I, like many Australians, fondly remember the days when a soft drink can or bottle could be returned for a bit of pocket money. A bottle found on the ground wasn’t simply kicked around, it was picked up, removed from the environment and recycled, and the lucky finder was rewarded for their efforts.
It’s about time we brought back those beverage container refunds.
With our addiction to bottled water continuing to grow, it has never been more important that the scheme be reintroduced. On Clean Up Australia Day each year, volunteers find themselves removing tonnes of beverage containers – beverage containers that could, and should, be recycled. About 40 per cent of all rubbish collected during this year’s Clean Up Australia Day was beverage related.
Australians are pretty good at recycling at home, but where we fall down is when we’re out and about. It’s when we head to the beach, the park, or our beautiful bush – away from our household recycling bins. What we need to encourage is an incentive to recycle wherever we are, and while protecting our environment for our future generations should be incentive enough, it’s clear we need more.
South Australia has taken the lead and increased its refund from 5 to 10 cents, with great success. SA enjoys a recycling rate of cans and bottles of between 75-85 per cent while the rate in other states is less than half this. The benefits are there for all to see – waste becoming a resource, reducing the use of virgin materials, lower greenhouse gas emissions, reduced water usage, less contamination in recyclables, the creation of jobs; the list of indisputable benefits goes on. Combine that with the fact that a poll commissioned by Clean Up Australia found that 87 per cent of Australians want a national container refund scheme and it defies belief that our leaders aren’t jumping at the opportunity to take a CD scheme national.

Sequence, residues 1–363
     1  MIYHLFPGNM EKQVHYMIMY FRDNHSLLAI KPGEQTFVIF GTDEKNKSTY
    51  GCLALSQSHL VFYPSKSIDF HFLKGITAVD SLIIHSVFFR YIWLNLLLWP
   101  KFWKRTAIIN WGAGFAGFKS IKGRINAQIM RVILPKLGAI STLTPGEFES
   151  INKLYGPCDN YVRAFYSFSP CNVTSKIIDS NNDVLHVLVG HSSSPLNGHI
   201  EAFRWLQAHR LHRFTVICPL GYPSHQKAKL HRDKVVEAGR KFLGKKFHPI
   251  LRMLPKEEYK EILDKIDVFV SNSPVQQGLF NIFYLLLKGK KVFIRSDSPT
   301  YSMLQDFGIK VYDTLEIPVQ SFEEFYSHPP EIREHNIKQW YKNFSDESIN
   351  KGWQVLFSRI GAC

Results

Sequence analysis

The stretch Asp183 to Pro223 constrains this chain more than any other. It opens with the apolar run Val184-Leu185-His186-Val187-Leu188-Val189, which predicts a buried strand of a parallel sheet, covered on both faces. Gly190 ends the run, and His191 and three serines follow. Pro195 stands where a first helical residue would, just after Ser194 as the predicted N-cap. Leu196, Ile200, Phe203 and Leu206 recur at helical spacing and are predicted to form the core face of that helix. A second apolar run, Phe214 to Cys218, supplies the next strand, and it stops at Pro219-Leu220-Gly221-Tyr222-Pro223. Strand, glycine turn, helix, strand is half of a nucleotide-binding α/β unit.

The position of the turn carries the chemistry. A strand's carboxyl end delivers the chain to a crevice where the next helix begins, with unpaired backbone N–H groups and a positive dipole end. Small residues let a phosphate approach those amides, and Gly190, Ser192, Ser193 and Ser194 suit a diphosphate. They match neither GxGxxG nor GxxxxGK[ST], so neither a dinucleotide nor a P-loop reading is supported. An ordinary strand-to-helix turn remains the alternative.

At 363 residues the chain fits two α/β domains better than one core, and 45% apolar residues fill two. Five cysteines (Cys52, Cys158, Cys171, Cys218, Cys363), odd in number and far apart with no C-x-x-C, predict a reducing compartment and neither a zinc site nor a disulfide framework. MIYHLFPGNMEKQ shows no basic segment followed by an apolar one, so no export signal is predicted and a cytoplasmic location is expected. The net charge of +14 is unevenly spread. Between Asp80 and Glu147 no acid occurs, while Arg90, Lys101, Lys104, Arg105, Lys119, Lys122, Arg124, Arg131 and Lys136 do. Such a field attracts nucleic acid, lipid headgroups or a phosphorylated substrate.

The issue has been on the agenda of the Environmental Protection and Heritage Council – a council made up of State and Federal Environment Ministers – numerous times, and it was there again at their meeting in Perth on 5 November.
But the process stalled …… again.
Why are we overcomplicating this issue?
Why is the beverage industry so threatened by the introduction of a solution like container refunds?
Why are our political leaders ignoring the communities they’ve been elected to represent?
Why do we continue to accept the waste of finite resources?
At Clean Up, we’re doing our best to force the wheels of change. Why? Because I know there are direct environmental benefits from a refund scheme on containers; because I also know that such a scheme provides income for those who are prepared to make the effort to collect and return their containers; and because I know our kids will also have another source of pocket money.
How do I know this? Because with the money I raised from bottle refunds when I was a kid I bought my very first boat.
Does anyone else out there remember how good those refunds were?
Ian Kiernan AO
Clean Up Australia Chairman